The Dead Sea Scrolls and the First Christians: Essays and Translations Synopsis
By the author of the best-selling James the Brother of Jesus and the Dead Sea Scrolls Series, Robert Eiseman, presents a fascinating to text for beginners and scholars alike. The Dead Sea Scrolls and the First Christians provides further delineation of the relationship between the Dead Sea Scrolls and Christianity's formative years in Palestine.
Included in this volume are Prof. Eisenman's first two ground-breaking works: Maccabees, Zadokites, Christians and Qumran and James the Just in Habakkuk Pesher. The foundation pieces of his new approach to the Scrolls and "Palestinian Christianity", they triggered the debate over their relationship to Christian Origins generally ultimately leading to the freeing of the Scrolls early in the 1990’s - a struggle in which he played a pivotal role.
Also included in this volume are unpublished papers and essays, written and presented by him at international conferences in the past. These include "Paul as Herodian", "Rain Imagery at Qumran", and "The Final Proof that James and the Righteous Teacher are the Same" altogether providing a thorough and even more challenging presentation of the link of the Scrolls to early First-Century Christianity in Palestine.
This volume also contains new translations of three key Qumran Documents: the Habakkuk Pesher, the Damascus Document, and the Community Rule, all almost only available in the sometimes inaccurate and often inconsistent renderings of Consensus 'Scholars' missing the electric brilliance of the writers of the Scrolls. Now, for the first time, the reader will have a chance to see the difference between these and a translation that grasps the apocalyptic mindset of the authors of the Scrolls.
Subjecting the archaeology, paleography, and other external dating tools of Qumran research to rigorous criticism, Prof. Eisenman presents a fascinating and compelling picture of a nationalistic, xenophobic, and militant "Messianism" very different from the way we currently view Christianity - in fact, the literature of “the Messianic Movement in Palestine" itself.
Not only does this book challenge preconceptions, it sets forth the detailed arguments necessary to connect "the Righteous Teacher" at Qumran to "the First Christians" and even the family of Jesus itself. In so doing, it connects the ideological adversary of this Teacher, "the Spouter of Lying" - in some cases even denoted "the Joker" - with Paul.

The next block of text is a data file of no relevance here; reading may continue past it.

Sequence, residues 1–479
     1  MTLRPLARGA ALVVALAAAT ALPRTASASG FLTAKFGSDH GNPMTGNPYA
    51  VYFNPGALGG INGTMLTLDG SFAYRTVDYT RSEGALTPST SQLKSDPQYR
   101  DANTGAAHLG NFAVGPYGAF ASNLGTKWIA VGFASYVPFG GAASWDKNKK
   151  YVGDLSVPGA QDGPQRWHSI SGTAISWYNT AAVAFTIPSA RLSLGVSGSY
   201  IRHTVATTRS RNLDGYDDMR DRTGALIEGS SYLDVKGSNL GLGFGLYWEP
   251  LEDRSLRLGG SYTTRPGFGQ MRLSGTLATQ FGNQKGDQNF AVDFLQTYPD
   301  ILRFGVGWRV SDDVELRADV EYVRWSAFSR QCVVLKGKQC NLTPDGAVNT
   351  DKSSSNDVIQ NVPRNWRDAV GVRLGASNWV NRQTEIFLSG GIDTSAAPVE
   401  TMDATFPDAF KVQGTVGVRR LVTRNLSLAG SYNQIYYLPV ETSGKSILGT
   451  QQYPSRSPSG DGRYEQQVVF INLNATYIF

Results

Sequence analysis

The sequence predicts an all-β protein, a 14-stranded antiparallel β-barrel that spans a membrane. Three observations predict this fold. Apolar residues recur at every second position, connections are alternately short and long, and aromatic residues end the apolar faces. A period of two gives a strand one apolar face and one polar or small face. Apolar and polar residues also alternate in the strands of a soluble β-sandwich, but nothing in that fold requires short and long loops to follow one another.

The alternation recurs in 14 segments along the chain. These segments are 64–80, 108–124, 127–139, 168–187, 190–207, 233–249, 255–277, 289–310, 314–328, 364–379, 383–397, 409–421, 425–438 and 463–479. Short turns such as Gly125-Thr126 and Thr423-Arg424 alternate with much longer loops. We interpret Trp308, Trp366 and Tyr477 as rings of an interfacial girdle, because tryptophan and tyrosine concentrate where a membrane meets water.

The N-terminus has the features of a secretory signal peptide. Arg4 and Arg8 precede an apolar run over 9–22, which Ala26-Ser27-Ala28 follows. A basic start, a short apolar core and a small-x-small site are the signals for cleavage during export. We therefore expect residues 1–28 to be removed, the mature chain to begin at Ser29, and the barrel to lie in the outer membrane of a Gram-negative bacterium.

The Dead Sea Scrolls and the First Christians: Essays and Translations Print Editions
The Dead Sea Scrolls and the First Christians: Essays and Translations eBook Editions
Other Books by Robert Eisenman
- The Dead Sea Scrolls and the Roots of Christianity and Islam: Re-Erecting the Fallen Tent of David in the Land North of Damascus
- James the Brother of Jesus and the Dead Sea Scrolls Volume 1
- James the Brother of Jesus and the Dead Sea Scrolls Volume 2
- James the Just and the Habakkuk Pesher
- Maccabees, Zadokites,Christians, and Qumran: A New Hypothesis Of Qumran Origins
- The New Jerusalem: A Millennium Poetic / Prophetic Travel Diario, 1959-62
- The New Testament Code: The Cup of the Lord, the Damascus Covenant, and the Blood of Christ
About Author Robert Eisenman
Robert Eisenman is the author of The New Testament Code: The Cup of the Lord, the Damascus Covenant, and the Blood of Christ, James the Brother of Jesus: The Key to Unlocking the Secrets of Early Christianity and the Dead Sea Scrolls (1998), The Dead Sea Scrolls and the First Christians (1996), Islamic Law in Palestine and Israel: A History of the Survival of Tanzimat and Shariah (1978), and co-editor of The Facsimile Edition of the Dead Sea Scrolls (1989) and The Dead Sea Scrolls Uncovered (1992).
He is Emeritus Professor of Middle East Religions and Archaeology and the former Director of the Institute for the Study of Judeo-Christian Origins at California State University Long Beach and Visiting Senior Member of Linacre College, Oxford. He holds a B.A. from Cornell University in Philosophy and Engineering Physics (1958), an M.A. from New York University in Near Eastern Studies (1966), and a Ph.D from Columbia University in Middle East Languages and Cultures and Islamic Law (1971). He was a Senior Fellow at the Oxford Centre for Postgraduate Hebrew Studies and an American Endowment for the Humanities Fellow-in-Residence at the Albright Institute of Archaeological Research in Jerusalem, where the Dead Sea Scrolls were first examined.
In 1991-92, he was the Consultant to the Huntington Library in San Marino, California on its decision to open its archives and allow free access for all scholars to the previously unpublished Scrolls. In 2002, he was the first to publicly announce that the so-called 'James Ossuary', which so suddenly and 'miraculously' appeared, was fraudulent; and he did this on the very same day it was made public on the basis of the actual inscription itself and what it said without any 'scientific' or 'pseudo-scientific' aids.
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